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Laminate sails on a cruiser?

Discussion in 'Sail Trim with Don Guillette' started by lurker, Jul 14, 2018. Add this thread to a FAQ

  1. lurker

    lurker

    Joined Jan 12, 2016
    140 posts, 23 likes
    Hunter 410
    CA Vancouver Island
    Looking for ideas here on getting new sails made.

    I'd like to hear thoughts from cruisers and racers alike on battens (full, 2f+2p), loose-footed or not, how deep to set up each reef, cruising laminates versus higher performance dacrons etc. Anyone that has put a fat-head main on a B&R rigged sailboat I'd love to hear your thoughts as well.

    The boat is a 1998 Hunter 410, non-furling mainsail. B&R rig, boom is around 20' long. Tides strong track has been installed and the slides will likely be switched from the old sail to the new. Roller furling headsail.

    Sailing area is Vancouver Island/Desolation Sound, Pacific NW.

    Boat is normally double handed, not raced. That said I love squeezing every knot out of the wind that I can, and sailing as efficiently as possible. (Max speed, minimum heel.)

    Desires with the new sails:

    1) For the mainsail, shorthanded ease of dropping, trimming, and putting away are equal to the desire for a good performing sail. The boom is very long, therefore grabbing the leech as the sail drops is near impossible. We find it hard to drop and flake easily as the height of the boom, along with the dodger and bimini limits reach. The Tides track has helped immensely with quickly dropping the sail, but we know that it won't be flaked beautifully each time. We currently use a stack pack set up for our OEM non-loose footed main that comes from an internet loft that I'm less than impressed with. I will consider replacing the stack pack at the same time.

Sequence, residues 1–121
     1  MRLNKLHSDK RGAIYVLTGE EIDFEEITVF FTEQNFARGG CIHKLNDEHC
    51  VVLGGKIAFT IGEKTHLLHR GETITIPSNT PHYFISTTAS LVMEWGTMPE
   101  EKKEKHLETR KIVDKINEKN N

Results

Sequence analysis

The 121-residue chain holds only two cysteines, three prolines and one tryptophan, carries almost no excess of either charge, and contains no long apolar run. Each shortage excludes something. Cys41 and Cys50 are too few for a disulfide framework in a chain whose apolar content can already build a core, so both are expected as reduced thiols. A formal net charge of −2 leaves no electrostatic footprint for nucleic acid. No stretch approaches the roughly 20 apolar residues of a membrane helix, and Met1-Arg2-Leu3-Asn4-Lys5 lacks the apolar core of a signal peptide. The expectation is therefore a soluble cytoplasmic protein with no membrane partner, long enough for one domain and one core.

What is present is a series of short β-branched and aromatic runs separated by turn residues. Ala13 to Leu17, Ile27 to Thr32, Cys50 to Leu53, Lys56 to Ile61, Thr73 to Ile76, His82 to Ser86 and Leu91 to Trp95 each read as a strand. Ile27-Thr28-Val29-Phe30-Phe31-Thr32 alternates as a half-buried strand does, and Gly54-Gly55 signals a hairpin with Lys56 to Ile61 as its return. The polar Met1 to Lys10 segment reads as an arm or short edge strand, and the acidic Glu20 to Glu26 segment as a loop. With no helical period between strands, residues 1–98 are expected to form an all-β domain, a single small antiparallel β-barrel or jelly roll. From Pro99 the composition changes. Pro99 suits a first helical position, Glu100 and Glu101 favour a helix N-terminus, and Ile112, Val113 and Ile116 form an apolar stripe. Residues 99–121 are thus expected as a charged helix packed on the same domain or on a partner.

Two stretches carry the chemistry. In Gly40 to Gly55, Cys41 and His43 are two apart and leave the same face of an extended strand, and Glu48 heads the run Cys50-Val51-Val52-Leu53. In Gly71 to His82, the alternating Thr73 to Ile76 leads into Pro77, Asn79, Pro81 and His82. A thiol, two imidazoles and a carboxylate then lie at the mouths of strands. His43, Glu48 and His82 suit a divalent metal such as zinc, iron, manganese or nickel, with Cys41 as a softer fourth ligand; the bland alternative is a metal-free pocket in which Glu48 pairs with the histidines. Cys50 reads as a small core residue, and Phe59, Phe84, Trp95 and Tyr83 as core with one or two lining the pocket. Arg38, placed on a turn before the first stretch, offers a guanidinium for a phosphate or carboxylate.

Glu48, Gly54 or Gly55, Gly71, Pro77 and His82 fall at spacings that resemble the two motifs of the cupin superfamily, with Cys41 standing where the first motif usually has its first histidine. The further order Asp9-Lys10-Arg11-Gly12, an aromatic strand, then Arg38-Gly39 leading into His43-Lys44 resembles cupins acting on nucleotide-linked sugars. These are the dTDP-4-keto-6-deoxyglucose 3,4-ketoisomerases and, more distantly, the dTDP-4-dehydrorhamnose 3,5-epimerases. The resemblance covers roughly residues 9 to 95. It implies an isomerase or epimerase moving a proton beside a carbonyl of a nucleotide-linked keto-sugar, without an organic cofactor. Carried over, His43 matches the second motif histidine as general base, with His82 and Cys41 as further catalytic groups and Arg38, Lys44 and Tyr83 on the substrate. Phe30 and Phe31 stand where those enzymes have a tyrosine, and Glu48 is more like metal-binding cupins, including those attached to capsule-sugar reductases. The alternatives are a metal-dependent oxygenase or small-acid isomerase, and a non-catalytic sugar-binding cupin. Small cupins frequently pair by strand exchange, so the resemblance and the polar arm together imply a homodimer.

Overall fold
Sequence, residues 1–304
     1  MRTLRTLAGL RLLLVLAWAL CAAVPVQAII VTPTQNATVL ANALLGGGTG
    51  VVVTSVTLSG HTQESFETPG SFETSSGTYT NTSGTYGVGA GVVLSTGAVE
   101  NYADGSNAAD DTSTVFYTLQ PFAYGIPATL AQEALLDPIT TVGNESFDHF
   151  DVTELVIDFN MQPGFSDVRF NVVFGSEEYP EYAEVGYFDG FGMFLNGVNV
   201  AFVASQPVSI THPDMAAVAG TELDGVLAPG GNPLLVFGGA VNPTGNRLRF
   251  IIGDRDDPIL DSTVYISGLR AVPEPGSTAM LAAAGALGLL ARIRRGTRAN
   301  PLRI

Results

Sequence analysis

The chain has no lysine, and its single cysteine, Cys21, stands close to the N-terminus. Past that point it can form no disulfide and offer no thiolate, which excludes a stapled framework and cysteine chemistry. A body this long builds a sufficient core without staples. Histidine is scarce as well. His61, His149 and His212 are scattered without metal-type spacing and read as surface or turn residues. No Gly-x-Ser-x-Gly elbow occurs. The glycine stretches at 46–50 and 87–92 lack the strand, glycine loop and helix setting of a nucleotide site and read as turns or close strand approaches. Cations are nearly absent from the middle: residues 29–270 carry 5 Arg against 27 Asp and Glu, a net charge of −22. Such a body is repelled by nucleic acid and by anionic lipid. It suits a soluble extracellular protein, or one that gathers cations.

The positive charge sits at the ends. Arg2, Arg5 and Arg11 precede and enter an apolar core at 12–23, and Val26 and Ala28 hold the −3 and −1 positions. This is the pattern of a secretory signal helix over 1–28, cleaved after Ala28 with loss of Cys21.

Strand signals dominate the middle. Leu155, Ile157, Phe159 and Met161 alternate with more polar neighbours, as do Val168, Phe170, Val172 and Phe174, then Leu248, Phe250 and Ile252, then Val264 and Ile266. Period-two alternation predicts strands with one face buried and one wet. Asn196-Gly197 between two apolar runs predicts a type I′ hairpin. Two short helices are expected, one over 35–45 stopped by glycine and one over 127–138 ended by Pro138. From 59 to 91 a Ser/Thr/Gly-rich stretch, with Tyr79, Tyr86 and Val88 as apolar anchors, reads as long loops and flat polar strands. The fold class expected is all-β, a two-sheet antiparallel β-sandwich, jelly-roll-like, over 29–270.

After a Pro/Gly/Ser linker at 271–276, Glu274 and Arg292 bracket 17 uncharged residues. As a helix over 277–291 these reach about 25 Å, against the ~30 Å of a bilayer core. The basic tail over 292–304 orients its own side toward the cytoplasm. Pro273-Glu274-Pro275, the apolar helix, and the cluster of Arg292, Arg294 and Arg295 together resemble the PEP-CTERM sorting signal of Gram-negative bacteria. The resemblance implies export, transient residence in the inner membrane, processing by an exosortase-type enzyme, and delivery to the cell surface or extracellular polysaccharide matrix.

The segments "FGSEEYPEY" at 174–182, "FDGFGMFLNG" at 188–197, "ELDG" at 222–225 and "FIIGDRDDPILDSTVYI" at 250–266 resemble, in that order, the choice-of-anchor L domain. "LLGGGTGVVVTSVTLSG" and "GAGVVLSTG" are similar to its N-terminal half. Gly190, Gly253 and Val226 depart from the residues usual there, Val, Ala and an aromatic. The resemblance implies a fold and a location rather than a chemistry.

2) For the headsail, good performance, easy to trim, and preserves the existing sight lines below the foot of the sail.

    Ideally the sails are left on year round for those ideal winter days here when we can sail for a few days.

    The boat won't be going south anytime soon. It will be sailing around Vancouver Island. Therefore light air sailing on the Georgia Straight is as important as the heavy westerlies you get on the outside waters west of Vancouver Island.

    Finally, I like the idea of laminates primarily for weight reduction and ease of use for raising/lowering either single or two handed but am concerned with longevity. Thanks to all who reply.
     


  2. Apex

    Apex

    Joined Jun 19, 2013
    752 posts, 87 likes
    Oday 28
    US Traverse City
    call judyB at Hyde sails, she is on this site often. She made some very nice sails for me 2yrs ago.

    cruising laminates are becoming more prominent, esp with tafetta to aid in abrasion resistance.
     


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  3. Sailavie1

    Sailavie1

    Joined Oct 31, 2012
    147 posts, 84 likes
    Hunter 2008 H25
    ca Lake Wabamun
    The nice thing about the B&R rig is the allowance for a large roach main. Although my little 25’ is a world away from yours, the performance of new laminate sails will be noticeable. Full battened main is easier to handle although a bit of a beast to flake and put away. The top two battens need to be pulled out slightly so the sail lays flat in the cover (but that’s a small price to pay). I needed the make my sail bag 4” wider to accommodate the lager roach main. Also, I opted for the battened jib as this adds considerable area and power. My last recommendation is to get a Code 0 asymmetrical reacher. Nothing beats these in light wind for upwind performance. Get a long bowsprit and you got yourself a cutter rig.